In this room we concentrate on The Young Fella Michael Collins’ before he became the Big Fella and the environment in which he grew up and his early influences.
Collins was born in 1890 a few miles west of Clonakilty on a large farm in the townland of Woodfield.
The Collins farm itself, the largest in the area at some 80 acres, was divided into several separate plots scattered around the townland. Michaels father Michael senior was also born there in 1815 and had claimed that at that point the family had been on the land for seven generations. It came into his care when he inherited it from his brother Paddy.
Michael Senior married Marianne O’Brien, a farmer’s daughter from just up the road in 1875. She was almost forty years his junior. The had eight children of which Michael was the youngest. Said to have been his father’s favourite, young Michael would follow him everywhere on the farm. However Michael Senior died when Michael was just six years old. Thereafter he was solely cared for by his mother with the help of his older siblings. The Collins family were comparatively wealthy and by the time Michael was ten they had moved into a new farmhouse which was the finest in their townland and which they referred to as ‘Woodfield House.’
The Collins household was a political one, but its politics were of a more varied pallet than you would imagine would borne such a revolutionary. There was some republicanism going back to Fenian times when one of Collins’ first cousins was imprisoned as a Fenian. Likewise, there is some evidence to suggest that Michael Senior had been a Fenian in his younger years. Two of Collins’ uncles were imprisoned for assaulting a land agent who had been trampling their crops during the famine. But by the time of Collins’ youth his father’s politics seem to have moderated. He read a moderately nationalist newspaper called the Weekly Freeman and had broken a boycott in defence of a Protestant friend. He even received a beating for doing so. Collins’ older brother Seán ran for local election as part of William O’Brien’s political movement and one of his O’Brien uncles was an O’Brienite councillor. William O’Brien provided political opposition to John Redmond’s Irish Parliamentary Party but was not overtly republican.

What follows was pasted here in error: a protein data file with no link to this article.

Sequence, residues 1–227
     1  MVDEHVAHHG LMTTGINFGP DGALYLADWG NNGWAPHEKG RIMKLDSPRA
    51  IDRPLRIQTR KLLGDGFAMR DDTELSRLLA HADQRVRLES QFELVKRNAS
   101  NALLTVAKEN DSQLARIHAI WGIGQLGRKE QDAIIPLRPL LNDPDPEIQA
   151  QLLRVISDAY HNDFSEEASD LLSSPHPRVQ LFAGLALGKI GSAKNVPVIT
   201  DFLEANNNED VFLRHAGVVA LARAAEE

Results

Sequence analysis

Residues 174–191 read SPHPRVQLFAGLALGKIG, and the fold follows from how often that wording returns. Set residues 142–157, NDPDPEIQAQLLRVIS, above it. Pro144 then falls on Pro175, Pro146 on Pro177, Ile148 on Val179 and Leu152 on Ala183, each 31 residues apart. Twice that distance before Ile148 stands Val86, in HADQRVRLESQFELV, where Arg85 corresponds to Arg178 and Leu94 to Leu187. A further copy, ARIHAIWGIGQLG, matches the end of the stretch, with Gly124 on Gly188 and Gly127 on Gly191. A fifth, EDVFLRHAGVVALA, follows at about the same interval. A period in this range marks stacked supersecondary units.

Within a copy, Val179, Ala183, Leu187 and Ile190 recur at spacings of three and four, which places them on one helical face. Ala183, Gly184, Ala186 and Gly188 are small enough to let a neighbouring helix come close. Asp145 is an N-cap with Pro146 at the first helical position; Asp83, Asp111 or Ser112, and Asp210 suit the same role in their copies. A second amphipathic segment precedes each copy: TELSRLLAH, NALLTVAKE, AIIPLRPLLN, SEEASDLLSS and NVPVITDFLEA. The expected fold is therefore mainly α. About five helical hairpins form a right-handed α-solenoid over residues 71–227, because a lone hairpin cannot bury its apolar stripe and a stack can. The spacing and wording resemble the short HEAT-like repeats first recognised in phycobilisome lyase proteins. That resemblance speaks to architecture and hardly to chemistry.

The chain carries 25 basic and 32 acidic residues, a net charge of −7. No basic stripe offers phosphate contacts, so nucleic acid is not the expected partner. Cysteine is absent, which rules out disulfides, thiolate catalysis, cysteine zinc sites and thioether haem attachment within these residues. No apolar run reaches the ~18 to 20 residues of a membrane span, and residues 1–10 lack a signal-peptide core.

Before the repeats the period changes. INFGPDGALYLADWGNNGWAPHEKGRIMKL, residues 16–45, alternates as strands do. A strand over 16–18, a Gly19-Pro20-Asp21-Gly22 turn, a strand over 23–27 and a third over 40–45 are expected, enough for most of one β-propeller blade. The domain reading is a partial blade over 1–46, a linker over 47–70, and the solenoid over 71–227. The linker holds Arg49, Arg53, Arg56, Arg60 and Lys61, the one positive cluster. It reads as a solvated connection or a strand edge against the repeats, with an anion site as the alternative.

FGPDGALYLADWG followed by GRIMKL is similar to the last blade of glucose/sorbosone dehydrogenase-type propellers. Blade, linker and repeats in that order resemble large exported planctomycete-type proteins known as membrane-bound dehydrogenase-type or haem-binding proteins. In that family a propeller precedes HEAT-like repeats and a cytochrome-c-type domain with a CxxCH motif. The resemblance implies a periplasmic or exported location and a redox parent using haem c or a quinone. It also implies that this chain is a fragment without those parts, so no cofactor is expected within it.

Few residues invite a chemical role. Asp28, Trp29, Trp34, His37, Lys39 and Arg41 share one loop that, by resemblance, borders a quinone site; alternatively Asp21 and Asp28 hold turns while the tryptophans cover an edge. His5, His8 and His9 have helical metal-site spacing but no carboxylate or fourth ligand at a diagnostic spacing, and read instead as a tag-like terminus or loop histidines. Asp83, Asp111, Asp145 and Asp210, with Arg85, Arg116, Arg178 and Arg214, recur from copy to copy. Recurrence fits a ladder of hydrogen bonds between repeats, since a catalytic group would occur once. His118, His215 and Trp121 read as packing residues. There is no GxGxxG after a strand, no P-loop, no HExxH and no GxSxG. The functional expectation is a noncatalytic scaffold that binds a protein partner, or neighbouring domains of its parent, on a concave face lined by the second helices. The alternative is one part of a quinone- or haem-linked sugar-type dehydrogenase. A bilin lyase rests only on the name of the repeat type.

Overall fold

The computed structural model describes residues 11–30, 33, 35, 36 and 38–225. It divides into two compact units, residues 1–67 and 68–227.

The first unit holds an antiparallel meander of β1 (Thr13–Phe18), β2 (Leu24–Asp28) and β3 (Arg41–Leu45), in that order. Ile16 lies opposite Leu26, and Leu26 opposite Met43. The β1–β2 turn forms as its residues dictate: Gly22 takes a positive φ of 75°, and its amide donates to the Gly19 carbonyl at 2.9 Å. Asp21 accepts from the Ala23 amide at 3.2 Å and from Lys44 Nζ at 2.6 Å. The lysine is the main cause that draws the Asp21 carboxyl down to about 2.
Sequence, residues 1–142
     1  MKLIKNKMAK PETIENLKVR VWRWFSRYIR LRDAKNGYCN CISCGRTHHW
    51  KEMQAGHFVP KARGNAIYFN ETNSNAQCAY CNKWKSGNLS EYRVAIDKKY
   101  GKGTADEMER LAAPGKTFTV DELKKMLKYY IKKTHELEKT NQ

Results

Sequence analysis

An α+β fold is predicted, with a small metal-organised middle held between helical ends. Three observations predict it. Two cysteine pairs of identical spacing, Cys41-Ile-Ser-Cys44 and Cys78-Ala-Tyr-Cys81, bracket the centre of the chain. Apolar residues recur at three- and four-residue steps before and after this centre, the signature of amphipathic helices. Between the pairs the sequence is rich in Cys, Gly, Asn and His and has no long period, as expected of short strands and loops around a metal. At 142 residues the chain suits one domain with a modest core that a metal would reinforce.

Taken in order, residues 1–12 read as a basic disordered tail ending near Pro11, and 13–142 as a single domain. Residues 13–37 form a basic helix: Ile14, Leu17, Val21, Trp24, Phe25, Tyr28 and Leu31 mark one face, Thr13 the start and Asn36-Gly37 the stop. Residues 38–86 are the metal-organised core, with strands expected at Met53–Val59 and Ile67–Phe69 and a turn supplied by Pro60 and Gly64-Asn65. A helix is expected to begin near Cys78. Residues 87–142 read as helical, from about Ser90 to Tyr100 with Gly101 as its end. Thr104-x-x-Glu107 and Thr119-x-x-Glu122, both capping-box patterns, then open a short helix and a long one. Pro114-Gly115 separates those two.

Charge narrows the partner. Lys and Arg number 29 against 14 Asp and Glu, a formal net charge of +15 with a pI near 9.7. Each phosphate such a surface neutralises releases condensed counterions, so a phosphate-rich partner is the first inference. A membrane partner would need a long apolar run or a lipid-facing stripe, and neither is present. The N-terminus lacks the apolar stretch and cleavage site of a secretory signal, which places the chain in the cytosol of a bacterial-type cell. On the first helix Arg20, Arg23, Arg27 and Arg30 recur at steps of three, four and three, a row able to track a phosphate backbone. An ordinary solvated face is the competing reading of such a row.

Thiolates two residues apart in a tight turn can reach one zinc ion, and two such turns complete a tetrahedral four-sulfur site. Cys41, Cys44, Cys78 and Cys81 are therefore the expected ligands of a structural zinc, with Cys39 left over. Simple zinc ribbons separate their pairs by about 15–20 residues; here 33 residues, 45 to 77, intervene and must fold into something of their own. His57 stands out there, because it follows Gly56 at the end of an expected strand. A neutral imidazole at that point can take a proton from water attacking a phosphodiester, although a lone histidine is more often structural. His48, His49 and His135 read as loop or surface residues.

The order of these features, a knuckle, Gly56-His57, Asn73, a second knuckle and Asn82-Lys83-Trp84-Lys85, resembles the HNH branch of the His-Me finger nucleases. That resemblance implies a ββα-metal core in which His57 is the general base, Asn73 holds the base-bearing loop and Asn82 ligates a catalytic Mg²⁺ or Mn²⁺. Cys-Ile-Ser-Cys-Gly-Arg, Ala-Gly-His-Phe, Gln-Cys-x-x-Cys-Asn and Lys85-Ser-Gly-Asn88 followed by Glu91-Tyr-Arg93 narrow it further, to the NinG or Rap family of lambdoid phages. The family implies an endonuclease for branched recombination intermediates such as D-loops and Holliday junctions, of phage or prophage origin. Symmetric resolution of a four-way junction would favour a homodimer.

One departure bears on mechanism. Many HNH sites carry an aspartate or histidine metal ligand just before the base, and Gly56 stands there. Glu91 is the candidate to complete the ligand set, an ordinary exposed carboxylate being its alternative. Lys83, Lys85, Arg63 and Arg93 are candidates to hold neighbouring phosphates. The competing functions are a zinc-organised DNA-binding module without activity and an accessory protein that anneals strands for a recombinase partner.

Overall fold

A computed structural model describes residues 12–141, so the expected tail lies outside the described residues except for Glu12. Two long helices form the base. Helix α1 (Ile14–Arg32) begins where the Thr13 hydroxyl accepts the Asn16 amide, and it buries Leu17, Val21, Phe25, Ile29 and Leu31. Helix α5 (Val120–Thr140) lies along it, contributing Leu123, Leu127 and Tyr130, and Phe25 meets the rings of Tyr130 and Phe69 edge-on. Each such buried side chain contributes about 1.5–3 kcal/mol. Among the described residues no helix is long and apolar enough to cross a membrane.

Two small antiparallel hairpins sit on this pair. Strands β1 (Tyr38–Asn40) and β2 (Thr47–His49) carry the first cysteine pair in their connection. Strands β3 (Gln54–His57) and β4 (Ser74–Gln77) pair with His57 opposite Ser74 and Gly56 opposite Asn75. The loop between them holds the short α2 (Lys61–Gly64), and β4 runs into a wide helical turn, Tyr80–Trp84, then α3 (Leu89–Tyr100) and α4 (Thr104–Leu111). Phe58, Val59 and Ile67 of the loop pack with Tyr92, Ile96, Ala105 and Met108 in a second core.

Both of Michaels parents valued education and encouraged their kids into education and public employment. Collins himself also came to have a high regard for formal schooling. In 1903, Michael Collins, then aged 13, moved in with his sister Margaret and her husband Patrick O'Driscoll. Collins had moved to attend the local Boys First National School to study for the Civil Service exams. O’Driscoll, a fiery character, a keen intellect, newspaper editor and owner, and also an O'Brienite was likely a key influence on the teenage Collins.
Collins sat the civil service exams in February 1906. He finished in the top 15% of his class even though he was younger than most in taking the exam. He was eventually offered a position of Boy Clerk at the West Kensington Post Office Bank in London and moved over to his sister Hannie there in the summer of 1906 aged just 15.